Sam Bennett continues to navigate tough U.S. Amateur path, and now he draws Stewart Hagestad

Sam Bennett continues to navigate tough U.S. Amateur path, and now he draws Stewart Hagestad
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PARAMUS, N.J. – No one can say Sam Bennett hasn’t been tested.

Through three matches of this 122nd U.S. Amateur at The Ridgewood Country Club, Bennett has easily had the most difficult path to the quarterfinals. He opened with a 1-up victory over Nick Gabrelcik, the 13th-ranked player in the World Amateur Golf Ranking. He then took down No. 27 Fred Biondi, 6 and 5, on Thursday morning before coming out in the afternoon and dispatching No. 10 David Puig, 4 and 2.

Not that Bennett, the Texas A&M senior who is ranked third himself, cares.

“I mean, it’s whatever,” Bennett said. “If you get this far in match play, you’ve got to play good golf to beat anybody. That’s what I did.”

Now, Bennett draws yet another stout opponent, and his toughest one yet: No. 9 Stewart Hagestad, a two-time U.S. Mid-Amateur champion and three-time Walker Cupper.

The 31-year-old Hagestad’s road hasn’t been cake. He’s beaten No. 7 Sam Bairstow, No. 45 Ben James and most recently No. 41 Hayden Hopewell. But when you make eight birdies and an eagle in 14 holes like Hagestad did Thursday morning against James, you can beat anybody.

Hagestad may need to replicate that performance if he’s to advance past Bennett, who had 11 birdies in 29 holes on Thursday, and reach the semifinals for the first time in 13 tries at this championship.

“I told [Sam] at the U.S. Open that what I really liked about him is he’s got a lot of piss and vinegar in him,” Hagestad said. “I don’t think we’ll talk very much, but I respect the hell out of him. He’s really, really good.”

Bennett was more tightlipped when asked if he knows much about the decorated Hagestad, who is trying to become the first mid-amateur to win the Havemeyer Trophy since John Harris in 1993.

“Yeah, I’ve heard a few things,” Bennett said with a wry smile.

The winner of Bennett-Hagestad will face either Dylan Menante, the fast-playing, former Pepperdine star who this summer transferred to North Carolina, or Nicholas Gross, a promising 15-year-old who is the second youngest U.S. Amateur quarterfinalist since a 14-year-old Bobby Jones in 1916. That first match begins Friday at 9:30 a.m. ET.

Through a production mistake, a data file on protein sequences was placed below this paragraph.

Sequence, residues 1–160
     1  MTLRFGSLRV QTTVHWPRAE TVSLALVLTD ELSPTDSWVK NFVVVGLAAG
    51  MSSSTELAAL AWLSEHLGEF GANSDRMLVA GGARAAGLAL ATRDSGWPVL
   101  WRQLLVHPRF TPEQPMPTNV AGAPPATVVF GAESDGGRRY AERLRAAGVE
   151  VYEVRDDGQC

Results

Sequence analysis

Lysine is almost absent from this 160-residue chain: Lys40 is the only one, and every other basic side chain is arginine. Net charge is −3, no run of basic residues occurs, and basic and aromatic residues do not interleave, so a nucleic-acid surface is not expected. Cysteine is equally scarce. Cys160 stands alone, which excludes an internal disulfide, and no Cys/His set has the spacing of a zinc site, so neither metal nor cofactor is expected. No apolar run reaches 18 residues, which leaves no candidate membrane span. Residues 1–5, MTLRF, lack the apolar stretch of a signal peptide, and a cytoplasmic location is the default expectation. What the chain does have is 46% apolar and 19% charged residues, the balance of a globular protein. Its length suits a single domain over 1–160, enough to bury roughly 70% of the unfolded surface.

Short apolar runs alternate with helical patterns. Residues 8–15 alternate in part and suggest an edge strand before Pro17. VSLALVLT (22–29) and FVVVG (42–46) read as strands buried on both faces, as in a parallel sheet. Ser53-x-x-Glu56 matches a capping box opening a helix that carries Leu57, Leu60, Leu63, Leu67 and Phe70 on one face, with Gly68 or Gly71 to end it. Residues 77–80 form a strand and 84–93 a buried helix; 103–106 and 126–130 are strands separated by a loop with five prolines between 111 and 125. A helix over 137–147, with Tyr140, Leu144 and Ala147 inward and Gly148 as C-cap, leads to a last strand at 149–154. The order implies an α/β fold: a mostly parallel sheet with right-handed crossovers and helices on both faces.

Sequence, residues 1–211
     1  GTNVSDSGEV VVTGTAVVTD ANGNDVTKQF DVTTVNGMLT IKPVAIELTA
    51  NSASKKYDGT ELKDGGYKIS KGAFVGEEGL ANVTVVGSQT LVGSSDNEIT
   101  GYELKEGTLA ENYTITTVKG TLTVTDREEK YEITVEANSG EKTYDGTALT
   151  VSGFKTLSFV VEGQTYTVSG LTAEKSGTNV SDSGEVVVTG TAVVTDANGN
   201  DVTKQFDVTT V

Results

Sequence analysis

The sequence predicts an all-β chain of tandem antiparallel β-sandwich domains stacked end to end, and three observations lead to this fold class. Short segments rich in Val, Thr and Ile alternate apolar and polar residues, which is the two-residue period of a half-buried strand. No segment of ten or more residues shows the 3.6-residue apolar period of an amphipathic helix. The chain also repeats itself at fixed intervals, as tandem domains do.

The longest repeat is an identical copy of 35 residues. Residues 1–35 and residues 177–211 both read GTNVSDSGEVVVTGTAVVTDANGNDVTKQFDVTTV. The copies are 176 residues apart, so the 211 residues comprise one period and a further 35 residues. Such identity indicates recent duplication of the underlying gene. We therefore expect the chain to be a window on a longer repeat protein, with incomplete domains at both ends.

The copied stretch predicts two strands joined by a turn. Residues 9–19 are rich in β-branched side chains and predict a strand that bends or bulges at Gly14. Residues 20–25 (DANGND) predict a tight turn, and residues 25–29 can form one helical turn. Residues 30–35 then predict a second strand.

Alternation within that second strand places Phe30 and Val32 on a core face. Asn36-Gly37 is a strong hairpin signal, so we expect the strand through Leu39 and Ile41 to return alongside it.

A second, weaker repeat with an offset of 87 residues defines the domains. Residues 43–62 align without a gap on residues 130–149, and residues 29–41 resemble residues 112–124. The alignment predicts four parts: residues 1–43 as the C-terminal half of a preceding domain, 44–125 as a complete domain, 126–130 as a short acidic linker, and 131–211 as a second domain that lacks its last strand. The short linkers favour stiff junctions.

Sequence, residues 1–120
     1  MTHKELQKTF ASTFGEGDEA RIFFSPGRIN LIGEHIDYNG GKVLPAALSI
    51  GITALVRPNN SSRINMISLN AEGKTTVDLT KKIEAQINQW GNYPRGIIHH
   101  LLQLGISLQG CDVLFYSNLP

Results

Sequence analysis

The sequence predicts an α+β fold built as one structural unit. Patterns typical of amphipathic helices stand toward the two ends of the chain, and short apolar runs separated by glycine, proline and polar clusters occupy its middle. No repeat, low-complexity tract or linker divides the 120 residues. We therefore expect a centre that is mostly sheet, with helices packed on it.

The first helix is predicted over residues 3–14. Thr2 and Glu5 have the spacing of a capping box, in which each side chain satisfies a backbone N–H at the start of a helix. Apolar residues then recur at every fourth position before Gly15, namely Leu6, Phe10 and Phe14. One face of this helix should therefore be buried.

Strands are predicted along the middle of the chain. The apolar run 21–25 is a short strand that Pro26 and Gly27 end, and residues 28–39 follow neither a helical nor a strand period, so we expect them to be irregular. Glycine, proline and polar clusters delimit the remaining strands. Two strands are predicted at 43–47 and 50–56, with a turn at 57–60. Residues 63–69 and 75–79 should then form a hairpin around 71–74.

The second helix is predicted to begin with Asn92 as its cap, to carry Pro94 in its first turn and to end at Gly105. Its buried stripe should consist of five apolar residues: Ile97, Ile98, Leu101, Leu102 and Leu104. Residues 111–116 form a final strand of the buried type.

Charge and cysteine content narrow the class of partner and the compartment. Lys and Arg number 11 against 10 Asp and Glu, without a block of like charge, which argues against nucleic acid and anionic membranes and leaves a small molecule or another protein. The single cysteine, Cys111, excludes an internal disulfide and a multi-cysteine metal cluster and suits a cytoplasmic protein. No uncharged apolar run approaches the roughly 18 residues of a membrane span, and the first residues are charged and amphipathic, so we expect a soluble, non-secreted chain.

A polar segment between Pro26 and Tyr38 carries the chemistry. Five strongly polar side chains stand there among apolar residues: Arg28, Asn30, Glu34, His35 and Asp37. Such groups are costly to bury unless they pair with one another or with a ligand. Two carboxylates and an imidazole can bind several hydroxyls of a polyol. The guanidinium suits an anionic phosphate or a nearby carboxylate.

On the bottom half of the bracket, Alex Price, who plays at Christopher Newport University in Virginia and is likely the first active D-III player to make the quarters, is in line to make more history. At No. 1,212 in the world, he’d be the worst-ranked U.S. Amateur champion ever.

Price, the ultimate underdog, birdied four of the first five holes on the back nine to put away No. 20 Ricky Castillo, 3 and 2. He gets Ben Carr on Friday. Carr, a senior at Georgia Southern, has former PGA Tour player Willy Wilcox on his bag.

Match scoring from the U.S. Amateur

The last quarterfinal will pit San Diego State’s Shea Lague, who eliminated the last remaining co-medalist Hugo Townsend in 19 holes, against Pepperdine’s Derek Hitchner, who has his head coach Michael Beard as his caddie and was one of 11 players – Gross is another – to get into match play via Wednesday’ 15-man playoff.

“With how many players there are and with how kind of bunched the scoring was, I think it’s maybe reasonable to expect that someone would emerge from the playoff and kind of keep playing well just because to get into that position you had to play pretty well,” Hitchner said. “I just tried to look at it that way and just have confidence in what I was doing and try to carry that forward.”

Bennett also has his college coach, Brian Kortan, looping. Kortan and the Aggies received great news last season when Bennett deferred his status as the No. 1 player in PGA Tour University to return to school for a fifth year. This summer, Bennett played just a couple of tournaments, making the cut at the U.S. Open and playing in the Arnold Palmer Cup in Switzerland. Instead, he spent most of his time at Traditions Club in College Station, Texas, taking in casual rounds with his non-golf team buddies.

“This is my fourth go-around,” Bennett said of summer golf. “There’s no need to go travel around the world and waste time and play [lots of] amateur tournaments. … I feel like I was really prepared for this week. I played a lot of golf. I didn’t play any tournaments, and I’ve been playing with my buddies and just having fun and making a bunch of birdies back at my home course.”

The birdies have continued to fall for Bennett this week. Same for Hagestad. But then again, there’s always room for the unexpected, the Cinderella story. Especially in this format, anyone can beat anyone, regardless of ranking.

And at this point, all paths are tough.

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